Join the OES



“Four men…lowered the stretcher on which the paralytic lay.”   Mark 2

I had been a priest for only a few years, when I had the opportunity of performing a most unusual wedding. It was unusual because I performed it in a hospital room at the University of Virginia Hospital. The husband had terminal cancer in an advanced stage and was bedridden. It was a touching scene because the new husband and wife were surrounded by so many of their friends; all of them were EMTs, or emergency personnel. Paul and his wife had met when they worked together driving ambulances and rescuing people in distress. Many times they had carried the sick to hospital emergency rooms. Now, their EMT friends were there to carry them.

Several weeks later, the husband was well enough to come home, and their EMT friends held a wedding reception at their house. It was an incredible sight as ambulances and fire- trucks pulled up and EMT people poured out for the celebration. And what a celebration it was! Yet, even though they were there to celebrate, they had their radios on and were ready to go at the first hint of trouble. It is something that I will never forget. Sadly, almost two weeks later, the husband would be dead, but again he died surrounded by his wife and his friends.

In the Gospel story for the second week of Lent, we see an ambulance at work. Four friends carried a sick man on a stretcher to see Jesus. Even when faced with an obstacle, they found a way to get their friend to the One they knew could help him. I think that the Lord was moved when he saw their faith, love, and dedication of such friends.

Look,  there are times when things are so bad, we simply cannot make it on our own. I don’t mean just physically either. There are times when the pain, depression, guilt and feelings of unworthiness are more than we can bear. Though this is the very moment when we need the Great Physician, we just cannot pick ourselves up to get to Him. It is a truth that those who need to be in Church the most are usually absent. They are absent because they are too spiritually ill to get here. Well  then, where is the ambulance? Where are the EMTs? Who will carry them here to the hospital, the Church of Jesus Christ?

Ask youself the question: who will be with you in the hard times?  Who would carry you if you couldn’t carry yourself? Can you think of anyone?  Are you sure? If you aren’t sure, there may be a good reason for it. Suppose you get a knock at the door and it’s a governmental official who tells you that he has a paper for you to sign. If you sign it, you will not have to pay taxes ever again. Now that sounds really good. Yet, you also have to agree to never call the police, the fire department, or any emergency services. Would you sign?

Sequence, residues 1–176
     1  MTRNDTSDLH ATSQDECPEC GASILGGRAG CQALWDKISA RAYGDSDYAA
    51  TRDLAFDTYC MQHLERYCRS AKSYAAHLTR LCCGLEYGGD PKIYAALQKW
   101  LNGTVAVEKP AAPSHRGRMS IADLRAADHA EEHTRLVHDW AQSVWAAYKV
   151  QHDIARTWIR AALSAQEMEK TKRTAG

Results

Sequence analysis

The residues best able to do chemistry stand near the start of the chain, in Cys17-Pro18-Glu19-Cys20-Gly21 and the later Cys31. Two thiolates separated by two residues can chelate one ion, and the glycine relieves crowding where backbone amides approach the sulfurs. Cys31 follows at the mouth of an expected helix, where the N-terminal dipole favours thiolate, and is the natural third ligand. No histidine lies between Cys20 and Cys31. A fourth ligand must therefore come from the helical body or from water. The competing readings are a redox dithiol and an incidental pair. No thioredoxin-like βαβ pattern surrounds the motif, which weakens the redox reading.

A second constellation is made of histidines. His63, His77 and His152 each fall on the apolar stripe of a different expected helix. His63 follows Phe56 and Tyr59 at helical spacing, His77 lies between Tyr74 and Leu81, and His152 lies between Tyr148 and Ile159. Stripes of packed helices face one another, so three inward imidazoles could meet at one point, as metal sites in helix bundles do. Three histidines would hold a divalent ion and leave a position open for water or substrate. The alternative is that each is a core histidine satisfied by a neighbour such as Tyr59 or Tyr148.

There may not be anyone to carry you because you haven’t paid your taxes; that is,  You have never offered to be the one to stand for someone else or to carry someone else in their time of need. In fact, whenever we have seen others in pain, we simply stand by and watch and “pray” for them. But carry them – not likely, even though what the Apostle told us: “Carry each others burdens and so fulfill the law of Christ.”

 I have had the experience where someone will come to church and say that they had been absent for a while and no one called them to find out if anything was wrong. I knew that this was not a good thing, but I wondered if this person had ever done the same. Had he/she ever bothered to call someone who had been absent? Had they ever carried anyone to the Lord? The answer was usually no. Somewhere in the back of my mind, I could hear the Lord saying, “Do unto others as you would have them do unto you.”

You shouldn’t think that I  am just talking about fellow church members. No, all around us are friends, neighbors, and co-workers, many of whom are sick unto death, and do not know that there is a hospital, the Orthodox Church, where they will find the One who can heal them. How will they get here? Who will carry them? You see, we are not called to heal them, but we are called to carry them. There’s something I want you to notice in this story in Mark. Please note, that it wasn’t four priests who carried the man to Jesus. It was four friends that carried him. Certainly, a priest is called to stand with people in their time of distress,  but we cannot expect the clergy to do it all. In fact, it is sometimes the priest who needs an ambulance!

I invite you to join the OES – the Orthodox Emergency Services.  It is a volunteer organization and has on the job training. There is a training manual (the Bible and Holy Tradition) and there always a trainer available (the Priest). There are no age or gender restrictions: young and old are all welcome. You need not be highly skilled, but you should be highly motivated. Members of the team are not called to save people, only to get them to the hospital.  The pay may not be great, but you will have the satisfaction of seeing those that you help regain their health. However,  the retirement benefits are “out of this world.” Literally!

Join the OES today. You never know when YOU might need an ambulance.

(My thanks to Father Bishoy Andrawes of the Coptic Church for  this idea of ambulance service as a model for all of us).

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